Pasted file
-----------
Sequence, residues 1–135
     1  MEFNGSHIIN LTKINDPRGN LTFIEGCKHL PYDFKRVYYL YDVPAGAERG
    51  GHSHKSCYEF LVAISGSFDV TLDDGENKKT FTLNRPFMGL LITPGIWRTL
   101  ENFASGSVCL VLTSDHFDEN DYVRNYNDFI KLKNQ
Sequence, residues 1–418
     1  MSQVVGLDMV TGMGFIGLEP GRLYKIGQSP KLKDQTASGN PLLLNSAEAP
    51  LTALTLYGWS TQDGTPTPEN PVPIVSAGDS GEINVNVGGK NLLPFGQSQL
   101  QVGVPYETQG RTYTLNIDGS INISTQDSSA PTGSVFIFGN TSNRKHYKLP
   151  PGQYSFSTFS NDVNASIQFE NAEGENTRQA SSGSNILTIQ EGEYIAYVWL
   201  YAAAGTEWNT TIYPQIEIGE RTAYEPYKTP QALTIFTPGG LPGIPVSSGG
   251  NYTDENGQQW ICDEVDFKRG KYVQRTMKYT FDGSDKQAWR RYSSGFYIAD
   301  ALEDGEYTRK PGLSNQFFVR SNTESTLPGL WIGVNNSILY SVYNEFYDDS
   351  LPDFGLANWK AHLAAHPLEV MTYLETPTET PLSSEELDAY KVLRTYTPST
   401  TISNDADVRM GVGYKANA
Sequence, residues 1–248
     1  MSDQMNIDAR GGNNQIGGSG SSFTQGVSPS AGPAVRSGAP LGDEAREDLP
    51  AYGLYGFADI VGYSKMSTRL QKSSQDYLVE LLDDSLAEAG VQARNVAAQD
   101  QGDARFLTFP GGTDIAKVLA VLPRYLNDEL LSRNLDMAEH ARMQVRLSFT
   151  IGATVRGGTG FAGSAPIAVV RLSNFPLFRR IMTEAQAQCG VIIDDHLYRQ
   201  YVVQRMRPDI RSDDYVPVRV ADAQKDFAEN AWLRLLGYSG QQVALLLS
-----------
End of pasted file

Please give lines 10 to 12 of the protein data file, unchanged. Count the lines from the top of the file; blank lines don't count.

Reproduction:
   201  YAAAGTEWNT TIYPQIEIGE RTAYEPYKTP QALTIFTPGG LPGIPVSSGG
   251  NYTDENGQQW ICDEVDFKRG KYVQRTMKYT FDGSDKQAWR RYSSGFYIAD
   301  ALEDGEYTRK PGLSNQFFVR SNTESTLPGL WIGVNNSILY SVYNEFYDDS